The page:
Short Changed: How Advanced Placement Cheats Students

For many years, the primary opportunity for students to explore advanced topics in education while potentially earning college credit was through the AP program from the College Board. But while a student may earn college credits, are they truly receiving a college education? That’s a complicated question Annie Abrams seeks to answer in her book, Short Changed: How Advanced Placement Cheats Students (John Hopkins University Press). Abrams provides an extensive historical narrative of the program, detailing key players and the reasoning behind its creation, as well as changes in the program since its inception. She seriously questions whether the program is still an effective substitute for courses at the universities themselves. The book includes a discussion of modern tools such as AP Classroom and the Course Framework, as well as how specific courses, such as AP US History, AP English Language, and AP English Literature, are greatly affected by new rubrics designed to efficiently grade thousands of exams each year. School leaders will appreciate Abram’s argument that the programs may actually create deficiencies in critical foundational work and limit students’ abilities to express their newfound knowledge of advanced topics.

—Eric Basilo, EdD | Assistant Principal
Markham Woods Middle School, Lake Mary, FL

Education Talk Radio

Produced by the American Consortium for Equity in Education, Education Talk Radio covers diverse topics ranging from creating inclusive classrooms to helping prepare for the AI generation to educational issues about leadership. The podcast is linked to a helpful website at, with free resources focused on supporting educational equity at all levels. Host Larry Jacobs interviews school leaders, authors, and education experts about the challenges schools face on multiple fronts. For example, two episodes from July feature an interview with Michael Brown, president of the Maryland Association of Secondary School Administrators, on how the organization successfully advocated against a requirement that school administrators also teach classes. The interview in August with Patti West-Smith from Turnitin offers helpful strategies for making assignments ChatGPT proof. And “The Excellent 11: A Teacher’s Guide to Motivate and Inspire and Educate,” an episode from July with author Ron Clark, provides food for thought on student success. School leaders striving to be the best version of themselves in their roles would be wise to add this podcast to their listening list.

—Alan Stanfield | Assistant Principal
Glacier High School, Kalispell, MT

Critical Race Theory and Its Critics: Implications for Research and Teaching

Christine E. Sleeter and Francesa López have produced a relevant and timely text for education leaders today. Their book, Critical Race Theory and Its Critics: Implications for Research and Teaching (Teachers College Press), is masterfully written and thoroughly explains the term critical race theory, an area of study in the legal field dating to the 1980s—not something used in K–12 education to indoctrinate young children as the theory’s critics contend. López, a professor of education at Penn State University, and Sleeter, a professor emerita at California State University, Monterey Bay, provide school leaders with the armor necessary to counter the narrative that critical race theory has gained a foothold in schools. The book also explores other approaches that are, in fact, better suited to help build more inclusive learning environments, such as culturally responsive pedagogy and restorative justice practices. The authors advocate for additional research on the impact of teaching about race for elementary and secondary students and for those in higher education to help young people “understand not only what unites us, but also what has divided and harmed us, so that they can right what has been wrong.”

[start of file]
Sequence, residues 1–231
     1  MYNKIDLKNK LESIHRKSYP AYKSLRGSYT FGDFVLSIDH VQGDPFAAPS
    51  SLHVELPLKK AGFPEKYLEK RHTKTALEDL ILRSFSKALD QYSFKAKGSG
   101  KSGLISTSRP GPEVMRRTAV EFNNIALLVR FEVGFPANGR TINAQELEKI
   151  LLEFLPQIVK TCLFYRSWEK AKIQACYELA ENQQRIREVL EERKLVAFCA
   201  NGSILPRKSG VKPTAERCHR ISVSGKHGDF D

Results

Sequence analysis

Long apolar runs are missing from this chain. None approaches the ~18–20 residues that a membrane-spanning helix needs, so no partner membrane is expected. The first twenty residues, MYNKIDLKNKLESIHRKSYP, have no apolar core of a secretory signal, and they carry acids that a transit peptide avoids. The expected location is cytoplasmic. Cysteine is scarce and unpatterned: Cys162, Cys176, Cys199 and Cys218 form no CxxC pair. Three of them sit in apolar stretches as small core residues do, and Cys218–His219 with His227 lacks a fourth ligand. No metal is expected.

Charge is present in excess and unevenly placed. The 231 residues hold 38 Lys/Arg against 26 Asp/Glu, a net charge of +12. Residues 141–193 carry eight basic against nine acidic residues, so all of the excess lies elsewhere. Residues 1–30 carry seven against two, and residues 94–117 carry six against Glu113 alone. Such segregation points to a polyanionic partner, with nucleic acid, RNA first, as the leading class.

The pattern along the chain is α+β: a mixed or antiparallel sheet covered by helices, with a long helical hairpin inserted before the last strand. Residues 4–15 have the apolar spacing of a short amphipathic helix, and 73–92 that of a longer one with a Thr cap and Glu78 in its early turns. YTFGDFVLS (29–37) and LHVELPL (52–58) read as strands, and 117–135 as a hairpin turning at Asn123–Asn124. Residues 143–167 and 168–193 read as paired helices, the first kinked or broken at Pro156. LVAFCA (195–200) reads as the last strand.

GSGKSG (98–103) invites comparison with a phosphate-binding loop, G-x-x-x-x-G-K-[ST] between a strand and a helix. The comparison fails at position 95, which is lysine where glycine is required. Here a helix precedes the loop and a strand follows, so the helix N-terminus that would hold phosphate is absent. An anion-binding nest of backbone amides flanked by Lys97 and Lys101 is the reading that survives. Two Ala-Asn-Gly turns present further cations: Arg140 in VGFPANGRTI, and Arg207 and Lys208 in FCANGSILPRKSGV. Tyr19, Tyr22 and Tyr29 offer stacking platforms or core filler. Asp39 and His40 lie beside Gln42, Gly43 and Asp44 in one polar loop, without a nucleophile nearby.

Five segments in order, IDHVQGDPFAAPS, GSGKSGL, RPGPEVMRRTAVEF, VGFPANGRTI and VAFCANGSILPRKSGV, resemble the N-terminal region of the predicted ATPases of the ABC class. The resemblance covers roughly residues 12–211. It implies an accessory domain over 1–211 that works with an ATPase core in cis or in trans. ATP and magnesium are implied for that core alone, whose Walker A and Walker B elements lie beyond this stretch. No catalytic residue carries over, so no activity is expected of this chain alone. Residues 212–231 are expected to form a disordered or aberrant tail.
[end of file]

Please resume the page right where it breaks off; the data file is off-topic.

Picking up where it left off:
—Latrese Younger | OSQ (Office of School Quality) Specialist
Virginia Department of Education, Richmond, VA

Our Children Can’t Wait: The Urgency of Reinventing Education Policy in America

Edited by Joseph P. Bishop, Our Children Can’t Wait: The Urgency of Reinventing Education Policy in America (Teachers College Press) is a powerful compilation of essays highlighting the urgent need to addresses the systemic barriers that disadvantaged children face. In each chapter, various experts, such as Channa Mae Cook, executive director for district and school support at the Sacramento County Office of Education; Tyrone C. Howard, a professor of education at UCLA; and Bruce Lesley, the president of First Focus on Children, review the factors that impact children’s personal well-being and school success. With a galvanizing foreword by NEA President Becky Pringle, the book delves into a range of pressing concerns including housing insecurity, school safety, transformative justice, youth incarceration, race, gender, disability, child poverty, health, hunger, homelessness, and immigration status. Bishop, the executive director of UCLA’s Center for the Transformation of Schools, grounds the book in the idea that “schools have a clear responsibility to play in the equation to support students but cannot tackle inherited issues of inequality alone.” The book concludes with a call to action, which offers a roadmap for our schools to uplift every child they serve.

—Brendy Siev | Assistant Principal
Kosloff Torah Academy, Bala Cynwyd, PA